Covid is stressful for teachers – but also for parents

Parents are making difficult decisions every day on whether their child should go to school, says Hamid Patel

Hamid Patel

Coronavirus: Parents are having to make difficult decisions about sending their children to school

Achieving the full reopening of schools to all pupils at the start of the new term taxed the resourcefulness and resilience of school leaders and staff

As Covid cases increase exponentially, and the attendance jigsaw becomes ever more complex, the current challenge is to simultaneously meet the needs of pupils who are in the classroom and those who are self-isolating and learning online. If this sounds like a simple equation to balance, ask any school leader or teacher about the practical difficulties of managing dispersed learners while providing high-quality lessons to those on-site.

Caught in the revolving door of self-isolation, with its juddering stops and starts, parents may feel bewildered. If bringing up a family before 2020 was already arduous, Covid has made the job even tougher.

Coronavirus parenting: Like navigating a minefield

Take Josie, a working mum. She has two children at primary school: six-year-old Keenan and seven-year-old Daisy. They are in different bubble groups, and start school at different times. Josie’s oldest child, Lucas, 11, has started at high school and travels there by bus. If the old normal was a military-style operation to get everyone in the right place at the right time for the day’s work, the new reality feels more like navigating a minefield. 

Josie believes fervently in education. Lockdown was tough and she knows that her children have fallen behind, despite doing the work that was set for them. The family looked forward to school starting up again and readjusted to the unforgiving alarm clock. Lucas wore his mask with the same pride as his uniform. And, for a while, all was well.

Four weeks into term, Keenan’s class has to self-isolate for two weeks. The impact is a crashing domino line of fractured domestic arrangements. 

Keenan is too young to be left at home alone. He can’t accompany Josie when she walks Daisy to school. Josie doesn’t want to ask her neighbours, because she is worried that they may think the family is infected. And so Daisy, too, stops attending school. (Anyway, Josie reasons, if school isn’t safe for her son, it can’t be safe for her daughter, either.) 

Josie can’t work from home, and her worries about the family’s financial future gnaw away at her confidence. Lucas struggles on with life in his new school, and when he doesn’t feel well one morning he decides not to add to his mum’s anxiety and catches the bus as normal: a decision that results in a wave of children being sent home from high school later in the week.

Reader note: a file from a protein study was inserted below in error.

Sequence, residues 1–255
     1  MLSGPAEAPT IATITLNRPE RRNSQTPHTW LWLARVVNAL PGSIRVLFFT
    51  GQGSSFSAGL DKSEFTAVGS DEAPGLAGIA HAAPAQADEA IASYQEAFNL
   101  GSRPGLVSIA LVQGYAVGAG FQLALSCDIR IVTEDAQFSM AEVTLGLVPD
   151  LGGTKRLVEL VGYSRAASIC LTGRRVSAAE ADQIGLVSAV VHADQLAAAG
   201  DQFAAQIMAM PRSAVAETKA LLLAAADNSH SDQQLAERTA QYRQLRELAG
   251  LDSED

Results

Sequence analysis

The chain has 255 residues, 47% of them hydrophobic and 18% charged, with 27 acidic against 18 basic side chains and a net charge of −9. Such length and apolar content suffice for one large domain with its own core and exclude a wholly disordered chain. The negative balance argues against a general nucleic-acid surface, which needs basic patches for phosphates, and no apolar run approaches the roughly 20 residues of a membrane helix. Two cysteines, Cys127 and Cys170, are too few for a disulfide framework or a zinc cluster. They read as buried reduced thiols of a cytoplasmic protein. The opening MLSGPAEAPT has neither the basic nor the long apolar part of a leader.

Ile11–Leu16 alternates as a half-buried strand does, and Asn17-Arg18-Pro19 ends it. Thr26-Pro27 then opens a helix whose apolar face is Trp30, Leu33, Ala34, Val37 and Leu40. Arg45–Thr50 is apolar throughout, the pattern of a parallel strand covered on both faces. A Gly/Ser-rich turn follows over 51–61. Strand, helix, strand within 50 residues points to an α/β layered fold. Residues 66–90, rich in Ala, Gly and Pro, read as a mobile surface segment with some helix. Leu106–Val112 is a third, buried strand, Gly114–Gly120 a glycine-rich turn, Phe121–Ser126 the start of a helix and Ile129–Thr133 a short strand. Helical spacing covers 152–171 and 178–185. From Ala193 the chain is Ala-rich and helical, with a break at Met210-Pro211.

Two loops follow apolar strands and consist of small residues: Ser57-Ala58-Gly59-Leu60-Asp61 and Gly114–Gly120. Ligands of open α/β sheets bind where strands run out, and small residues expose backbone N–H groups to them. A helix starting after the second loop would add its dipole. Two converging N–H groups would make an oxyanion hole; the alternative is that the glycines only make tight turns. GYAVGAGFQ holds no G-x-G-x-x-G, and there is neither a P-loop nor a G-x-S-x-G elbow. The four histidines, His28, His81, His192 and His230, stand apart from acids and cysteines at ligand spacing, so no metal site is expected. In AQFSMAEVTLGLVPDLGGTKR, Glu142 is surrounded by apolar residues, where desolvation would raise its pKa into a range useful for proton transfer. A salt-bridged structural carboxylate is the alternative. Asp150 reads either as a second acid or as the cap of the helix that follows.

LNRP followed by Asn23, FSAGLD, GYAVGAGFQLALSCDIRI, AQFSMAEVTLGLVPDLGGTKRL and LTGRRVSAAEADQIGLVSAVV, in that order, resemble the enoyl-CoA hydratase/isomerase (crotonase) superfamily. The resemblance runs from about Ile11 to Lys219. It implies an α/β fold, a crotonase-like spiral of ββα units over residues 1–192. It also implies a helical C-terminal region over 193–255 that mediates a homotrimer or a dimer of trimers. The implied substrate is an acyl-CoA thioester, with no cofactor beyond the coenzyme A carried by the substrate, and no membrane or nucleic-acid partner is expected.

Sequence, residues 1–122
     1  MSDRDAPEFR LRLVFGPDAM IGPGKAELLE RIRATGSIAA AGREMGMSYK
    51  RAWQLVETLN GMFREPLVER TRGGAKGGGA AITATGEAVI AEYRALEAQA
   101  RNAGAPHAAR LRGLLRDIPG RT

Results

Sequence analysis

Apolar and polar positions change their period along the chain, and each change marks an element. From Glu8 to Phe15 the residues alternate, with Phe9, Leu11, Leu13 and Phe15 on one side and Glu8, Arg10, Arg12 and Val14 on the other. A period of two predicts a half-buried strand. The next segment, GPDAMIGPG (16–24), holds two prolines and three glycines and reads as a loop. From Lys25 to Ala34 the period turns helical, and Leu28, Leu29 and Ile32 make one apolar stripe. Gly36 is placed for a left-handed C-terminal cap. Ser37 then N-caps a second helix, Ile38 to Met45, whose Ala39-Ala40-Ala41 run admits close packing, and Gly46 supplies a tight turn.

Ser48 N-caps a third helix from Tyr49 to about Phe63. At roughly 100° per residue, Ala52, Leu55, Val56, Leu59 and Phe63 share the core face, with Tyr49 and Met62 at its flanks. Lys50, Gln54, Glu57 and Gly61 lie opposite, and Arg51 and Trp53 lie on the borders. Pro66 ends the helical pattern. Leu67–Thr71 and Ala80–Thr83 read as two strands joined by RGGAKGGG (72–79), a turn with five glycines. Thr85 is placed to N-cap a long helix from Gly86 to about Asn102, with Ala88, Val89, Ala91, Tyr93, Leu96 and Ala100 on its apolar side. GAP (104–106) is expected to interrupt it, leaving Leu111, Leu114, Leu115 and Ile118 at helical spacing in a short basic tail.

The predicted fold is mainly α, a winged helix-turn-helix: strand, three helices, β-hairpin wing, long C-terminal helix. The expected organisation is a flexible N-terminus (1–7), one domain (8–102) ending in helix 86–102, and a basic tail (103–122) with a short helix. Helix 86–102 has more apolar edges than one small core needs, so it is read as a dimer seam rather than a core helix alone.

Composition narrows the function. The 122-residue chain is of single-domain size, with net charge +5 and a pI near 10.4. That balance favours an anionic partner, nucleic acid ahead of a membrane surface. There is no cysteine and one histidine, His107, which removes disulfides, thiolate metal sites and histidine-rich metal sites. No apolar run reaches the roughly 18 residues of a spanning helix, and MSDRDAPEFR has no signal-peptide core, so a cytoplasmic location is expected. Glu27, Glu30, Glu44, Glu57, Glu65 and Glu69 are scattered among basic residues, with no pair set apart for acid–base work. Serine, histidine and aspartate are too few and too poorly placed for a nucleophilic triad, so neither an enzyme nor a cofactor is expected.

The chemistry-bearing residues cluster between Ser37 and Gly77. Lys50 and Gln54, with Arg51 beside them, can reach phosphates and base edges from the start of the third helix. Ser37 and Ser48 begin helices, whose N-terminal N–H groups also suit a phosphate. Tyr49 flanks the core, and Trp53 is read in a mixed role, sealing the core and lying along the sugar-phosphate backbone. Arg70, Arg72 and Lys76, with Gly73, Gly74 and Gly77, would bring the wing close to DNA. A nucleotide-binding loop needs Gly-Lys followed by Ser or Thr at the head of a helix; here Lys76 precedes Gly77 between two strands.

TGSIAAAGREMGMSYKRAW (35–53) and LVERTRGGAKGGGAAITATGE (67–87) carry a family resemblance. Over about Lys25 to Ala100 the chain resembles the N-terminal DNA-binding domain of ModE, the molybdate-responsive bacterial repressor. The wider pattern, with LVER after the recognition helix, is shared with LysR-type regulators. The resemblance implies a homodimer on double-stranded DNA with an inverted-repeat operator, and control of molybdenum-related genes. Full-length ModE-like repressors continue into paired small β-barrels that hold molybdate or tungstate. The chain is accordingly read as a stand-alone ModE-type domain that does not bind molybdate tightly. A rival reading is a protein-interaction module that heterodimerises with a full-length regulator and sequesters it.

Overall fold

Decisions guided by fear and misunderstanding

This is reality. Parents in areas where there has been a resurgence of Covid – largely areas already beset by deprivation – are making tough decisions, which impact on their families and communities. They want the best for their children and are trying to act upon advice that is sometimes distorted by the white noise of social media.

Some children are attending school when they should not do so. Their parents may be worried about being fined for keeping them at home, so they send them to school even if the child or a member of the household is Covid-positive. 

They may be concerned that their children will fall behind if they don’t attend school, so take a chance even if they are possibly symptomatic. For parents who are unable to go to work if their child does not attend school, the problem intensifies. 

On the other hand, fear and misunderstanding are guiding the decision-making of some parents who may be keeping their children off school unnecessarily. The fear of Covid haunts families with vulnerable members like a spectre, dwarfing the anxiety about their children losing out on education. 

Other parents assume that their child will receive online lessons if they don’t attend, and think, mistakenly, that this is a safer option. Some may be overcautious, and keep their children at home at the first sign of a sniffle. It is easy to see how these concerns emerge, following the World Health Organisation‘s publication of a list of symptoms that may be indicative of Covid-19 in young children. 

Difficult choices, every day

The alarming increase in applications for elective home education is an indication of the level of fear and distrust felt by parents who are choosing to opt out of state education altogether, perhaps under the mistaken assumption that opting back in during calmer times will be straightforward.

Removing children from school – for an alternative that may well be more precarious – fuels the myth that schools are hubs of contagion, and threatens to deepen the Covid legacy of social isolation and disenfranchisement. 

Some parents have also expressed reluctance to engage with the test and trace regime. An unintended consequence of imposing hefty fines on people who refuse to self-isolate after testing positive for Covid-19 could be that some people are deterred further from getting a test, thus increasing transmission rates.

There are no simple solutions. If Josie had spoken to the headteacher at her children’s primary school, Daisy might still be in class. If Lucas had stayed at home, then a swathe of Year 7 children may have continued learning. Hindsight, as always, is wonderfully illuminating.

Parents ultimately take decisions on behalf of – and in the best interests of – their children. These decisions are difficult, every day. But they are partners in the battle against Covid, who need to be properly and objectively informed.

Hamid Patel CBE is chief executive of Star Academies

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